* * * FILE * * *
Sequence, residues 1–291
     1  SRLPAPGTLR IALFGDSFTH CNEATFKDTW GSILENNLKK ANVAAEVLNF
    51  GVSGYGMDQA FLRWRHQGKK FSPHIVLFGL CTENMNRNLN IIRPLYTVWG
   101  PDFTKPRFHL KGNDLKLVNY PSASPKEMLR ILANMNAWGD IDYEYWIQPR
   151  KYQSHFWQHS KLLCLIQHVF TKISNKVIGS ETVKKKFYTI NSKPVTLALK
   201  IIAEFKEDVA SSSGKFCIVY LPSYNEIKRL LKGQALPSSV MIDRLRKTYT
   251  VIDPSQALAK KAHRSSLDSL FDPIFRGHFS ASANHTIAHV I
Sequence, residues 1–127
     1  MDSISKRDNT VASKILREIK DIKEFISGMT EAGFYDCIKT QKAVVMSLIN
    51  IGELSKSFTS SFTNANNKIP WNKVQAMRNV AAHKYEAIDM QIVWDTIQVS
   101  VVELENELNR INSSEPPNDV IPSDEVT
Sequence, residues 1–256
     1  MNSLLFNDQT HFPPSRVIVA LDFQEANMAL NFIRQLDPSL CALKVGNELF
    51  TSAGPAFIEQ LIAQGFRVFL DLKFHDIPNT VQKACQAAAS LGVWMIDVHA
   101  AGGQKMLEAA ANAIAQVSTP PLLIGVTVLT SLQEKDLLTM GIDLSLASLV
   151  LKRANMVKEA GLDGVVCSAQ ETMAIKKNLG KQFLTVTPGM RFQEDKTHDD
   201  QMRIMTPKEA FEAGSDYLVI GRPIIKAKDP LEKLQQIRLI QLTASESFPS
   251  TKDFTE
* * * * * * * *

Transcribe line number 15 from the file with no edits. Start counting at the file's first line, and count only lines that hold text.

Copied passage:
   101  AGGQKMLEAA ANAIAQVSTP PLLIGVTVLT SLQEKDLLTM GIDLSLASLV